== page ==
Road Trip: Argonia, Danville, Freeport, Harper, Kingman and Pratt

Nothing like a hot August day to make you want to take a road trip.  With time on our side, we decided to check out a few spots in western southcentral Kansas. In full transparency, some of these stops were from 2019. I just thought they worked well in the narrative.

Argonia, KS

For those of you that know me, it will come as no surprise that most of the places I visited were closed, or no longer existed. I started by checking out the (closed today) Susan Salter Museum.

She was the very first elected female mayor in the United States. This was 1887, 33 years before women could vote. She was head of Argonia’s Temperance committee. Two drunks nominated her as a joke, she won the election with 2/3 of the vote.

One of the first things she did was outlaw alcohol and closed the town’s two bars.

Argonia City Park. I now know where all of those favorite playground pieces (deemed too dangerous) ended up… in small-town Kansas.

I can almost imagine the burns on the back of my legs from these fun slides.

Not really playground equipment, especially since the signs say, “Keep off tank”

Freeport, KS

Population of six people. It is the smallest incorporated town in Kansas. One resident is the mayor, the other five make up the city council.

My guide books might be a little outdated. They listed Freeport as the smallest incorporated city in the U.S. that maintains a bank. I found the bank and city hall. The bank appears to be closed. Weirdly, the door was propped open, but if I have learned anything from Scooby Doo, you do not enter an abandoned building in the middle of nowhere.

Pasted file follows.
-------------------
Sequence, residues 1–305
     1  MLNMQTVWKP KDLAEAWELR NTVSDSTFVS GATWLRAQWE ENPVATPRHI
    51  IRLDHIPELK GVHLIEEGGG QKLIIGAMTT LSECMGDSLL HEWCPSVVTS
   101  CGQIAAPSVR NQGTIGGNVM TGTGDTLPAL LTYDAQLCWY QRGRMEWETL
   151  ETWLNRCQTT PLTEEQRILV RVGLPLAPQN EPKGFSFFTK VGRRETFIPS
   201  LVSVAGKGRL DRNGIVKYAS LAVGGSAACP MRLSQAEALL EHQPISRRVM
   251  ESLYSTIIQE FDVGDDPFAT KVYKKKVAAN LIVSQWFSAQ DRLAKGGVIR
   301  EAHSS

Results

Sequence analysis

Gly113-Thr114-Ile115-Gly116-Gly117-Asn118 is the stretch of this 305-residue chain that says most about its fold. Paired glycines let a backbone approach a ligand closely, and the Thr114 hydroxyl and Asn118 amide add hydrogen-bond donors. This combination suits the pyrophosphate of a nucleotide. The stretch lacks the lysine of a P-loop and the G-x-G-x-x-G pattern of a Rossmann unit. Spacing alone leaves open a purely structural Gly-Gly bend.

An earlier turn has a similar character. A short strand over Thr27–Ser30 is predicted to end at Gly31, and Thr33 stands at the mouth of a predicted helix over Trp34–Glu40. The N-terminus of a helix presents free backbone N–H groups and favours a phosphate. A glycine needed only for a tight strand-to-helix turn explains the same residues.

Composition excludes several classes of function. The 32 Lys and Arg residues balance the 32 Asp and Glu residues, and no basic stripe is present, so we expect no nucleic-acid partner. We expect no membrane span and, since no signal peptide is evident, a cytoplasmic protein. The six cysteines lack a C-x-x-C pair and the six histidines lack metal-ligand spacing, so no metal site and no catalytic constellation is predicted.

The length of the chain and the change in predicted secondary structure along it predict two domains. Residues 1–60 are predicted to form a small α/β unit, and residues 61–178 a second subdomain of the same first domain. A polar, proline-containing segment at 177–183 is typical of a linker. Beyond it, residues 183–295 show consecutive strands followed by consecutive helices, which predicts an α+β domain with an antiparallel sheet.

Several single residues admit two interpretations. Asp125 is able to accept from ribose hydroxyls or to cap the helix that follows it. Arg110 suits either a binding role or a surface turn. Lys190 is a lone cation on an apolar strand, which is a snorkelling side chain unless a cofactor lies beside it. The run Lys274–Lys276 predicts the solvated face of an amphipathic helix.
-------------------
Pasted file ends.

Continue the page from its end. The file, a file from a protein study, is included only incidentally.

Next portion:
I also drove by the local church. It is on the Presbyterian and Reformed Historical Sites Registry.

Registered site Number 287: From their website: “The First Presbyterian Church in Freeport began as a Sunday school mission in 1884. The town of Freeport, located in eastern Harper County, was chartered the following year. The wood frame church was built in 1886, partially funded by the Board of Church Erection. It was the first and is now the only church in town. The unique building, an eclectic mix of local carpenter styles, has seen a series of improvements, including the addition of heat in 1927, running water and electricity in 1952, a kitchen in 1957, and indoor bathrooms in 1983. The sanctuary was carpeted and new pews installed in 1967.”